As many of my readers are sure to know, I’ve done a lot of work recently with Substance Painter and Substance Designer. Both of these softwares are my go to softwares for texturing anything. The reason is really straightforward: it’s really easy to use. Substance Painter allows me to paint details right on to the mesh itself. Substance Designer lets me create great textures without going through too many contortions using the flow chart, node based interface it has. For someone like me, who actually is a software developer by trade, this sort of interface couldn’t be better.
Some of you probably remember the old days, before software like Substance Painter and Substance Designer, of using Photoshop, to make textures for models. I’m not very good at using Photoshop, but the basic idea back then was to export the UV layout you had painstakingly generated and paint on them by hand in Photoshop, and generate the normal maps, etc. using tools in Photoshop. I’ve never used this approach, mainly because I have no clue how to, but also because of the amount of hassles in it. The pipeline is fairly tough to figure out and presents a lot of challenges. People managed back then, if only barely. Of course, there are procedural textures as well in Maya, using Arnold, Mental Ray, etc., but in this scenario, it’s tougher to get precise control over what part of the object the texture is mapping to and what part it isn’t mapping to. Of course, neither approach is horrible: many artists still use these approaches for a variety of reasons. I personally don’t think I could ever get used to using Photoshop. Maybe I’m just too lazy.
There’s also a ton of other great tools out there too. Autodesk has Mudbox, which is almost like ZBrush in some ways, without the gigantic suite of tools that ZBrush has for sculpting (which I will also get back to in this post). Now the best way to think of Mudbox is like an extension of the texturing tools in Maya. In some ways, it’s similar to Substance Painter, and in others, not so much. One of the major differences between the two is that Mudbox is also a sculpting tool, whereas Substance Painter is exclusively used for texturing. The other difference is that Substance is Physically Based Rendering (PBR) texturing, whereas Mudbox is doesn’t use PBR. This last point is really important. One of the reasons why Substance Painter is really popular is because of PBR. Many rendering engines, and game engines in particular, make extensive use of PBR. Mudbox has been around for longer than Substance Painter, with some of the first versions coming out in 2006, and Autodesk acquiring the software/company in 2007. It represented a step up from previous methods, and also reflected the changing nature of CGI software. In terms of just straight up texturing, Mudbox and Substance Painter are more or less on par with one another in terms of capabilities. Both can achieve similar results, depending on what you are aiming for. Mudbox isn’t too expensive for an annual subscription. Substance Painter/Designer are a bit more expensive, but are a one time payment for a license, which is what I prefer as opposed to annual subscriptions, but it really just depends on your needs.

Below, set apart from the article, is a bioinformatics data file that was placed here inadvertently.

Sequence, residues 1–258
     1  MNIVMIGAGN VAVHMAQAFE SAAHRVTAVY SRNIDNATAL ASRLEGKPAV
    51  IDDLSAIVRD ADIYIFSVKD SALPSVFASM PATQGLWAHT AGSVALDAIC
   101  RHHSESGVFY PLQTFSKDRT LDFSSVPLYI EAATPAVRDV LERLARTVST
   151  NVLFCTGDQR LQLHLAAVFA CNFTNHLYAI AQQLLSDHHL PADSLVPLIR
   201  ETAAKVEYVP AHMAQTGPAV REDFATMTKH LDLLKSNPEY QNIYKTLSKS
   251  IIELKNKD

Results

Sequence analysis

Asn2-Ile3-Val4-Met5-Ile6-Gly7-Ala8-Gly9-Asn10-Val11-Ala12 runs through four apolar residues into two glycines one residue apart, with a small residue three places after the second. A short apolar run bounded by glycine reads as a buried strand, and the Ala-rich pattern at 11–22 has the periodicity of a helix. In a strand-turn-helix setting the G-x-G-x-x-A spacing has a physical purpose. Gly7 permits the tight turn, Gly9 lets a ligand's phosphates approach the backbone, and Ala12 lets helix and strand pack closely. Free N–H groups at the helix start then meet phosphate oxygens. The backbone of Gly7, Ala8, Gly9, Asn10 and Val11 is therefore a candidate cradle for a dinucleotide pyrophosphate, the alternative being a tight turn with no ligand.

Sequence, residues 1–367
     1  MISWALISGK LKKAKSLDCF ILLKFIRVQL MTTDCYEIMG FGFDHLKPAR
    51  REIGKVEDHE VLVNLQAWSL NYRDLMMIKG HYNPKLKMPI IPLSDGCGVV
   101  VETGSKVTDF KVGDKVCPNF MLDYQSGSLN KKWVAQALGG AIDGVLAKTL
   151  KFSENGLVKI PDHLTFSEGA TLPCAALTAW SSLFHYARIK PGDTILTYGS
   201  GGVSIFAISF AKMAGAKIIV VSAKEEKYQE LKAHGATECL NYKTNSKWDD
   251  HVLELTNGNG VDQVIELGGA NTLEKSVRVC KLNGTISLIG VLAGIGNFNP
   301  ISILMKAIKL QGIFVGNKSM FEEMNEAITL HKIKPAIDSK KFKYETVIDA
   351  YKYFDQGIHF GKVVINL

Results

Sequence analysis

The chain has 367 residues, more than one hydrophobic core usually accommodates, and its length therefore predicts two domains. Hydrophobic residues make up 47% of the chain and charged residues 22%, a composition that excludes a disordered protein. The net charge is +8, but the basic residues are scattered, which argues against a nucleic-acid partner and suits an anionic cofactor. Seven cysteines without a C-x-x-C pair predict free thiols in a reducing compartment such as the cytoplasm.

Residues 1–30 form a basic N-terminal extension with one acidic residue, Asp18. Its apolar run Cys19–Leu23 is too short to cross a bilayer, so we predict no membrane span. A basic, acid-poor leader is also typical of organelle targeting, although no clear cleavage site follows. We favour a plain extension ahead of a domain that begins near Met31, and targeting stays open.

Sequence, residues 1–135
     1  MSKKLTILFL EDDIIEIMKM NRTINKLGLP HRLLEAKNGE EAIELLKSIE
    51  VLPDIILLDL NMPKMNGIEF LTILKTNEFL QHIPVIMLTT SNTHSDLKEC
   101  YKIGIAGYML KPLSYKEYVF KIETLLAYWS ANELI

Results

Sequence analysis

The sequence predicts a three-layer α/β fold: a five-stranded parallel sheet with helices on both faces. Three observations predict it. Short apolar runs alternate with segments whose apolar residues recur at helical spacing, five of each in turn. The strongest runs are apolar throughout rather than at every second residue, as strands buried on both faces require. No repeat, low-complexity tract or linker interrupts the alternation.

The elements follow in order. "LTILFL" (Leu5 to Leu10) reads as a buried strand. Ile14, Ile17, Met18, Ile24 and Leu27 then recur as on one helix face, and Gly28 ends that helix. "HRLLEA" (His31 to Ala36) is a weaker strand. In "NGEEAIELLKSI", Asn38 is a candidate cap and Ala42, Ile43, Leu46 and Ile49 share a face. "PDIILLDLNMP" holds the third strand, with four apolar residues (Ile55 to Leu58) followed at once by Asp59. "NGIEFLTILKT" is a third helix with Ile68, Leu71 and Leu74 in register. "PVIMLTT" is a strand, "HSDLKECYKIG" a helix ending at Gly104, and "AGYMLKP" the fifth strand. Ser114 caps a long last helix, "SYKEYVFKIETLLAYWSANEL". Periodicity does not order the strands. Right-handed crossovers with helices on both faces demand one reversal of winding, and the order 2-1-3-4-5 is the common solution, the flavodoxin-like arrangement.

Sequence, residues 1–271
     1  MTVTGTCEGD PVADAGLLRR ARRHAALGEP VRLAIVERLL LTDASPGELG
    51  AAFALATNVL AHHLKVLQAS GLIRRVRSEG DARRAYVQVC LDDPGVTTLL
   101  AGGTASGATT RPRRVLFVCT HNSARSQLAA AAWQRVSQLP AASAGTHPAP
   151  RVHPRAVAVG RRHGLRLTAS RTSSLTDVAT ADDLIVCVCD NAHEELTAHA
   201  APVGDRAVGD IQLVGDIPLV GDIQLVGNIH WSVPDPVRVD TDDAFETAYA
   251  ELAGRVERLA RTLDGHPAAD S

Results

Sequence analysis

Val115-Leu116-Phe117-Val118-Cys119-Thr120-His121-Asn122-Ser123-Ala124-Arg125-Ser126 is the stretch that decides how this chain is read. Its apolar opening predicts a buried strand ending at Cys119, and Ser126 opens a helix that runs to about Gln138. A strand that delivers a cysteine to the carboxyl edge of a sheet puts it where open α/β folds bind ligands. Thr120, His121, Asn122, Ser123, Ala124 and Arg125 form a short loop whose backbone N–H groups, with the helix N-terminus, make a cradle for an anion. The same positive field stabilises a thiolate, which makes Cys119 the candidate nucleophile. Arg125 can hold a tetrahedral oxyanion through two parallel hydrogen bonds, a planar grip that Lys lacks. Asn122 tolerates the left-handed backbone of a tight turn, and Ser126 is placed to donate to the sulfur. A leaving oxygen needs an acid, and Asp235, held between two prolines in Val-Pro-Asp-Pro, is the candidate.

Many people have also used ZBrush for texturing, though I personally would not want to. It is possible to create maps from ZBrush sculpts and use those as textures. It’s not something that I would personally want to do, but it is possible. Other software for texturing includes tools like 3D Coat which I have never used myself. From what I’ve read, 3D coat is really good at stylized texturing, even better than what Substance Painter can achieve. There are also tools like Mari, BodyPaint, etc. At this point, these tools are better at some things and worse at others, so the choice of the ‘best’ tool really depends on what you are aiming to do. Now Substance Designer is a whole different story. I haven’t seen software like Substance Designer quite yet, and is fairly unique in that regards. It’s a great tool for generating tile ready textures.
Texturing isn’t nearly as tough as it used to be, with the large variety of tools available. Really what I’m hoping for now is software to make UV unwrapping easier. It’s somewhat easier, but still fairly tough for anything more complicated than a box. Someday, perhaps?